Millions of acres of cotton fields are treated regularly with chemicals. This begs the question: What's the cost to the soil quality, watersheds, the health of the people and animals in the area?

More alarming, is the dramatic rise in birth defects, cancer, and other diseases occurring in these locations, as well. 

I know this list is both depressing and daunting but stay with me...

Your favorite pair of leather shoes, probably have leather that came from Kanpur, the largest producer of leather in the world.  Chromium, which is used in the chemicals for treating leather, is poisoning water in the region.  And a staggering rate of workers and residents there, are sick from the exposure to the metals, or the contamination to pure water supplies.

Filling in the gaps.

The 1960s were the heyday for "Made in the U.S.A." 95% of all U.S clothing manufacturers, manufactured in the U.S. Today, that figure is a scant 3%!

As U.S clothing manufacturers (and worldwide), seek ever-lower production cost to churn-out clothing at a "material world" pace, the gap between production location and purchase location has widened, while the accountability and transparency of the supply chains have become a gulf quite tricky to cross.

Marketing or programming?

The messages in our media solve problems we don't really have and manufacture reasons to buy more. In the process, we lose sight of what's essential to living well, caring for our families, and clothing ourselves.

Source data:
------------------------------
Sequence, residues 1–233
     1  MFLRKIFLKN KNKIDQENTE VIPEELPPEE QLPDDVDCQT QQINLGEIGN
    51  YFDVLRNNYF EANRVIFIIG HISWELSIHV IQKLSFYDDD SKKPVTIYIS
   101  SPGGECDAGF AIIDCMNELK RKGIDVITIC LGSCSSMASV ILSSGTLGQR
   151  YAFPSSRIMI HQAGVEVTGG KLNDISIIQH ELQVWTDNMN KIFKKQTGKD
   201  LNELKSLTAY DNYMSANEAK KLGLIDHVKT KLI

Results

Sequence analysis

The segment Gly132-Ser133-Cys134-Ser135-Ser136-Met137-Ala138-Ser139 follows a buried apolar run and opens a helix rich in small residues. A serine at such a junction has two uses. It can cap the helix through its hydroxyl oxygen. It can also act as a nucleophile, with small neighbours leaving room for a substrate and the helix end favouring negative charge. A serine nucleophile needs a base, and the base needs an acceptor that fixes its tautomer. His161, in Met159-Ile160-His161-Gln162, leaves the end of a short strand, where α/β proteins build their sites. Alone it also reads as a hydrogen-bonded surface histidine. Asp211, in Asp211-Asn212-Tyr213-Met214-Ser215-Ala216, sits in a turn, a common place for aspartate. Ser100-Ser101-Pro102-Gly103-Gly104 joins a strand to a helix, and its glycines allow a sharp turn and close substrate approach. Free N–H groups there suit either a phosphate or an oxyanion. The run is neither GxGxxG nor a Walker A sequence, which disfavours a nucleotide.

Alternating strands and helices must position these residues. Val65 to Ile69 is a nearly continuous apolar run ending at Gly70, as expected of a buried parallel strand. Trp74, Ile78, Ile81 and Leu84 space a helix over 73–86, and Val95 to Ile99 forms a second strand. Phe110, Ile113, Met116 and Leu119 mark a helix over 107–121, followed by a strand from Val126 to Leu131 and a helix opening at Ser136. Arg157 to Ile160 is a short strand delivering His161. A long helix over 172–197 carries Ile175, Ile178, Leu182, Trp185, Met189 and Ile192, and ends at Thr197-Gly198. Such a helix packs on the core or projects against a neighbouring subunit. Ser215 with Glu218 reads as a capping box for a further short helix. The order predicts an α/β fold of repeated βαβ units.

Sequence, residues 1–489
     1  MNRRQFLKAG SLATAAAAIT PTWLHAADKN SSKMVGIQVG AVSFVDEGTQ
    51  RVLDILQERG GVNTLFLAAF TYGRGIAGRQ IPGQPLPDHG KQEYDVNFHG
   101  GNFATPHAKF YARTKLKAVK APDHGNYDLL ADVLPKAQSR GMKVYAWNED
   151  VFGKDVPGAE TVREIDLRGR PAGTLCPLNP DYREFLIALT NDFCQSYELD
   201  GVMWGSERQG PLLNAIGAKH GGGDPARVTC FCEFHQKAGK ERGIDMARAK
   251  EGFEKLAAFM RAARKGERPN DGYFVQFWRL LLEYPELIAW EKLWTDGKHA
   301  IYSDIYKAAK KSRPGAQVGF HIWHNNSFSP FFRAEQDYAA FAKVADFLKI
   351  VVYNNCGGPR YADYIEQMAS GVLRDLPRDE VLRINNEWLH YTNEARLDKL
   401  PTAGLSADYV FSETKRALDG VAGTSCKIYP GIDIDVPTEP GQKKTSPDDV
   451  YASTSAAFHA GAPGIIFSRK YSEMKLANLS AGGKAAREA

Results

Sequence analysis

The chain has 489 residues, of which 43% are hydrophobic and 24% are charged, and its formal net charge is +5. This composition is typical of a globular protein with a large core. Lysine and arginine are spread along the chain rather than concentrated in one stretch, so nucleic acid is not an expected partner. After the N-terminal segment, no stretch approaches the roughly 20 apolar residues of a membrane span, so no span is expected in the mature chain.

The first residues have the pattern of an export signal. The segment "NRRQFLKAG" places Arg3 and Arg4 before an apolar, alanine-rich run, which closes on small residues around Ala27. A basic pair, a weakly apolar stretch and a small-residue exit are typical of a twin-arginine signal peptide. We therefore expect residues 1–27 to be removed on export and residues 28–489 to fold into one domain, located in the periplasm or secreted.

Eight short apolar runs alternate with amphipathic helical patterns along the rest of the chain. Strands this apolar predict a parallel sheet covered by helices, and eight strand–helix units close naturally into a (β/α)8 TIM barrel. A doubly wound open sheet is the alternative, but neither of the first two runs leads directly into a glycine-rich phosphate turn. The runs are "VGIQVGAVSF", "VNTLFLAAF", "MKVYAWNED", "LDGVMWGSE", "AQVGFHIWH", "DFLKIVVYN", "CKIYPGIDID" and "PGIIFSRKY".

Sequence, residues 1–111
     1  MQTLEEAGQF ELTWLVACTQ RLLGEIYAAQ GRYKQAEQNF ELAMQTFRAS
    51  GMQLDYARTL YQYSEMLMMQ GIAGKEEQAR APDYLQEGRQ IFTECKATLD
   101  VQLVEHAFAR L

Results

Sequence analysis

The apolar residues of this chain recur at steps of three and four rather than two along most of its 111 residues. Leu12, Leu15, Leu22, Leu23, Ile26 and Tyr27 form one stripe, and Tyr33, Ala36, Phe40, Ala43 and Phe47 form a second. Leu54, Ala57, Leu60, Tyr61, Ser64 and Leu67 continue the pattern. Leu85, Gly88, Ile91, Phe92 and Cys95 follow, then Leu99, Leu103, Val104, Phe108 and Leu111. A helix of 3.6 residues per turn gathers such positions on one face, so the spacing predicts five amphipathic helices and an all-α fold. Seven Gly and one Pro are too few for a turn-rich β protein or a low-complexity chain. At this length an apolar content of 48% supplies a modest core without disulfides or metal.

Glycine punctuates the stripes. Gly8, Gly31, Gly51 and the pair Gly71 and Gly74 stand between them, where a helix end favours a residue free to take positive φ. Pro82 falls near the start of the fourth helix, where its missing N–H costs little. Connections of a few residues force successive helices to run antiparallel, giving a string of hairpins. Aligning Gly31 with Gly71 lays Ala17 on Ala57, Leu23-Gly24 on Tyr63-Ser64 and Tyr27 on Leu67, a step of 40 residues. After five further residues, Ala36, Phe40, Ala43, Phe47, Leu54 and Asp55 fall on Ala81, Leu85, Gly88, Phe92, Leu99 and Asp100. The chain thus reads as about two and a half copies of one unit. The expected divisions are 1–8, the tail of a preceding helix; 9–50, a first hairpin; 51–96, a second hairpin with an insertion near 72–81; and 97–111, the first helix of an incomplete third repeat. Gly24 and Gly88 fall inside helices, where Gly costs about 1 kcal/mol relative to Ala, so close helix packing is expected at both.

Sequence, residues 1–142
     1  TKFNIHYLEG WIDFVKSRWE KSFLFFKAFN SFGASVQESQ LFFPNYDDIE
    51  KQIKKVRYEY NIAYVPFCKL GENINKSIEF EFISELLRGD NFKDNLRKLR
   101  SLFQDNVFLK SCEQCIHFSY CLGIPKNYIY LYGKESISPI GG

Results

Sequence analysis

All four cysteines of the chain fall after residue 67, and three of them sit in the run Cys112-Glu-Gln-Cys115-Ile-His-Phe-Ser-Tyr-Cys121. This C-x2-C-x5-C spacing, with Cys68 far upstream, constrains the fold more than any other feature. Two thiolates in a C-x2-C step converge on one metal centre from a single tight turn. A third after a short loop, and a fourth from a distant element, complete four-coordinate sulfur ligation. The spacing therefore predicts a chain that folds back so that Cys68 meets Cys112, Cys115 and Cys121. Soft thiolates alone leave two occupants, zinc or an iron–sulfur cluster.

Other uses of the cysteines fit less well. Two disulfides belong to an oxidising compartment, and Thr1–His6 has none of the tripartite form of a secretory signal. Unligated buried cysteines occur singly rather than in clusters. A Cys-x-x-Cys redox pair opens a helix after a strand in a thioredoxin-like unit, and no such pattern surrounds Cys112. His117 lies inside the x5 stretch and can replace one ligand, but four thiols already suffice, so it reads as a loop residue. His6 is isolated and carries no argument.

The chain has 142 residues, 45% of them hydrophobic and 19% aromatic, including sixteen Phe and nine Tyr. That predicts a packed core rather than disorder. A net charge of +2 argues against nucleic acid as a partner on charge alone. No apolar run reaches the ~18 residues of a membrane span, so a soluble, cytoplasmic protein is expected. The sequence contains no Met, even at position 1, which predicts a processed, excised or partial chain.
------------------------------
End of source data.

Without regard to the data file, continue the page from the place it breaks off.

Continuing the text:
We exhaust ourselves trying to maintain the imaginary freedom or quality of life offered by "lifestyle" brands, and we're none the happier for it. Turns out, Americans rank #18 among developed countries when it comes to happiness. But at least we look stylish!

Lookin' good, going nowhere!

The model of make-it-cheaper-faster...drives quality down, clothes become disposable, and the hidden costs mount in increasingly unsustainable, and unconscionable ways.

We've arrived at the heart of the matter.  The whole system is broken and needs debunking (but that's a rant for another day).

For now, the good and I can choose another way.

Step #1: Become educated.

Learn which clothing companies are notorious offenders and those who are making real efforts to make a change. I suggest going to 

Step #2: Become aware of your own clothing habits (without judgment).

Step #3: Be a rebel...just say "no" to "retail therapy!" Instead, become a conscious choice consumer!  

That's why I created Imbued. I wanted to create an intelligent solution that contributes to the #slowfashionmovement and the #fashionrevoluiton. An eco-conscious process you could count on, and be proud to #getyourrobeon!

Imbued robes are practical, serve a purpose, and the top-quality material choice that should last many seasons!

And the added value to all purchases is that at Imbued, we donate a portion of our proceeds to support Hawaii non-profits who are also making a contribution!

The BIG news is that the robes are almost ready to launch!

Kristin Brown